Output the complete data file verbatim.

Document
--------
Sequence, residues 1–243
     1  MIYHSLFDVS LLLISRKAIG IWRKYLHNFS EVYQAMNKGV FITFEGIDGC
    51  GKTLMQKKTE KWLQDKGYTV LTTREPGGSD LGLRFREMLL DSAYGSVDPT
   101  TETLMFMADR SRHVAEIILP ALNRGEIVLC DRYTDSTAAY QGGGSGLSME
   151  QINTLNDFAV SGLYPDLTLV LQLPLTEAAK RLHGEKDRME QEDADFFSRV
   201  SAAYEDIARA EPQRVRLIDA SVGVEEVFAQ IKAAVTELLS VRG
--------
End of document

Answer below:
Sequence, residues 1–243
     1  MIYHSLFDVS LLLISRKAIG IWRKYLHNFS EVYQAMNKGV FITFEGIDGC
    51  GKTLMQKKTE KWLQDKGYTV LTTREPGGSD LGLRFREMLL DSAYGSVDPT
   101  TETLMFMADR SRHVAEIILP ALNRGEIVLC DRYTDSTAAY QGGGSGLSME
   151  QINTLNDFAV SGLYPDLTLV LQLPLTEAAK RLHGEKDRME QEDADFFSRV
   201  SAAYEDIARA EPQRVRLIDA SVGVEEVFAQ IKAAVTELLS VRG